IN 1948 at Carnegie Hall, New York, Arthur Koestler, the most famous communist apostate in western intellectual circles, made an influential speech. He noted: “You can’t help people being right for the wrong reasons … The fear of finding oneself in bad company is not an expression of political purity; it is an expression of lack of self-confidence.”
Koestler was referring to the liberal critics of communism, who were often afraid to voice their opinions in public for fear of being “tarred with the brush of reaction”, as the social democratic historian Tony Judt says in Postwar, his history of Europe since 1945.
Thus it was that as the first major show trials in Eastern Europe were being held and as Joseph Stalin’s tyrannous and murderous fist expanded beyond the Soviet Union, the cheerleading for the Soviet Union and the mute silence of most European intellectuals against its atrocities was a standout feature from those times.
Judt gives a compelling explanation for this lack of backbone: “The Left had the wind in its sails and history on its side…. At the core of the antifascist rhetoric of the official Left was a simple binary view of history. They (the fascists, Nazis, Franco-ists, nationalists) are Right, we are Left. They are reactionary, we are Progressive. They stand for War, we stand for Peace. They are the forces of Evil, we are on the side of Good.”
Since no one wanted to be seen, even inadvertently, in the bad company of fascism, now defeated in the Second World War, this “tidy symmetry” worked to the communists’ polemical advantage: “Philo-communism, or at least anti-anti-Communism, was the logical essence of anti-fascism.”
The official opposition here showed its own lack of self-confidence when it tried to parachute in a new leader, from a rival party, on the eve of the election-date announcement. Botched as that attempt might have been in its execution, it does demonstrate just how comprehensively the African National Congress (ANC) dominates the rhetorical space. Rebutting the fear of the “return of the Boers”, to borrow the phantasm conjured up last November by ANC deputy president Cyril Ramaphosa, was apparently front and centre of the strategic thinking on this move.
And that uncontested domination extends into the ideological space as well: do not expect this election to provide a serious debate on rolling back the welfare state (now set to reach 17-million recipients of social grants this year, on the back of just 6-million personal-tax payers) or a push for the privatisation of useless, mismanaged state-owned assets. Interrogating racial and gender quotas and the distance we have strayed from the protection for minorities embedded in the constitutional settlement of 1993 will also be off limits for fear of being accused of nostalgia for apartheid. Rather, there will be a bidding war to see which side can offer more entitlements and expand the reach of government at the precise moment when the machinery of state has seized up.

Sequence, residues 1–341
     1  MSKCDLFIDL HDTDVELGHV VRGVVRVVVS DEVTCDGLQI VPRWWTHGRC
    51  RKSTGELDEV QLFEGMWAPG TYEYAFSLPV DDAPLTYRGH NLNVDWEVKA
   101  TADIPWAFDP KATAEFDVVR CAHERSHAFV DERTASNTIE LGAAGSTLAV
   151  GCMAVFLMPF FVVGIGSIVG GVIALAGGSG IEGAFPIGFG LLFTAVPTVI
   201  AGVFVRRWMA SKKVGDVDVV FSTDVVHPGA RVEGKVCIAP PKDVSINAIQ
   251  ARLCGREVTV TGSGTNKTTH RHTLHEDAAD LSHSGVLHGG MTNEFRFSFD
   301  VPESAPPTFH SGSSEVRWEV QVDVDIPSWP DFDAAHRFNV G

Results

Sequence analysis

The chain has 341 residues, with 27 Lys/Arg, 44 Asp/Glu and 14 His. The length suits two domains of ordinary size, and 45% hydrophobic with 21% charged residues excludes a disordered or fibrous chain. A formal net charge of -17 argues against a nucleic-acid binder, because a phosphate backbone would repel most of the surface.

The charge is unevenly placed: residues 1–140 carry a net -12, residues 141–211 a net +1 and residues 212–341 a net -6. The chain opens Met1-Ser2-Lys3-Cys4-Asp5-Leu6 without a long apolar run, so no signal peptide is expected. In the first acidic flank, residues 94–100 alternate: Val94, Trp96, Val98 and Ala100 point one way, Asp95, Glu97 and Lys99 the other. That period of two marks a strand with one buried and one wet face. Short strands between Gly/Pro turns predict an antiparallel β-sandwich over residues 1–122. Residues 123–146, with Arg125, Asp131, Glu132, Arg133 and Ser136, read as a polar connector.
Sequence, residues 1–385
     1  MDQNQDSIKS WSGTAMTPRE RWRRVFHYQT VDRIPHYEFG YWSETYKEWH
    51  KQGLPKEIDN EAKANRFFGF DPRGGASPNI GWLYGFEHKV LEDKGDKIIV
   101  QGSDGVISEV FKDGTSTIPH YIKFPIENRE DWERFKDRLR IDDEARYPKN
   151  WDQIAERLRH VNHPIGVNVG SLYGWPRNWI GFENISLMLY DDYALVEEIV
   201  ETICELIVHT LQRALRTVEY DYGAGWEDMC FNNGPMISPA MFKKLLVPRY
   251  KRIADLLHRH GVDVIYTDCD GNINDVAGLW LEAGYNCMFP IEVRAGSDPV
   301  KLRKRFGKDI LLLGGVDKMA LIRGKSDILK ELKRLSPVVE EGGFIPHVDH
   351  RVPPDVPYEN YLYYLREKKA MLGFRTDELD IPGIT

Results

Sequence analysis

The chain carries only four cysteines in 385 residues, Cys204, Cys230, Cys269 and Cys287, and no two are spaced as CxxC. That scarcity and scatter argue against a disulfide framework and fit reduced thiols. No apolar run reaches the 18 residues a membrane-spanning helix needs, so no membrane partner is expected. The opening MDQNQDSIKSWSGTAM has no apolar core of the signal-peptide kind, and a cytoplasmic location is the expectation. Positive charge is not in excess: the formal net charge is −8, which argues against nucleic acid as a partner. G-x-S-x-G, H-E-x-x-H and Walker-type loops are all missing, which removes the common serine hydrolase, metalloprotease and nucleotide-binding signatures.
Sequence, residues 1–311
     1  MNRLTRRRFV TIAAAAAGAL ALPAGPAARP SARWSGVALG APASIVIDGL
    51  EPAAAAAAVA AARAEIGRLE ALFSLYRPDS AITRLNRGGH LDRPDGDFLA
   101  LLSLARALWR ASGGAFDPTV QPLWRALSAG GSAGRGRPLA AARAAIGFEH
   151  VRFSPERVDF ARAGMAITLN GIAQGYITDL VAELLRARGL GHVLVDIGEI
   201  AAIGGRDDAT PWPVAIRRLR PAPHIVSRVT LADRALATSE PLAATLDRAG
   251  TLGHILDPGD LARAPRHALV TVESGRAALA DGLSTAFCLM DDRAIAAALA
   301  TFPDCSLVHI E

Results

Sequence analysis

Unbowed by such state failures, it might be said that some of our political masters and mistresses suffer from the political equivalent of Tourette’s syndrome, or involuntary outbursts of inappropriate speech. In a crowded field of competitors, the prize for inhabiting a parallel universe utterly detached from reality must be jointly awarded.
First, there was Mineral Resources Minister Susan Shabangu. Her “Little Miss Sunshine” appearance at the Mining Indaba was something to behold. After violent strikes in the platinum belt, and huge industry concern with the latest amendments to mining legislation and its incoherent regulatory framework, she offered another set of meaningless promises on top of what Songezo Zibi called “a terrible record of poor performance”. Noteworthy was the silence from the panjandrums of the mining industry, fearful, no doubt, of the cost of speaking out.
Then there was Police Minister Nathi Mthethwa lauding the public-order policing units as “among the best in the world”. Perhaps, in comparison to North Korea or Ukraine. But, should it ever finish its work, the Farlam commission on Marikana might just disagree.
Finally, flogging a dead horse, with yet another taxpayer-funded injection into state-owned South African Airways, Public Enterprises Minister Malusi Gigaba drew an Alice in Wonderland distinction between a “bail-out” and an “equity injection”. But fear not, the difference this time, he told Chris Barron in the Sunday Times, is that there will be more government intervention in its operations. That’s reassuring.
In an interview last week, US President Barack Obama said: “It’s definitely a good thing that the president of the US cannot remake our society.” Our local political overlords and ladies are seized of much greater ambitions than the leader of the most powerful country on Earth.
But who will point out that the emperor’s clothes are threadbare?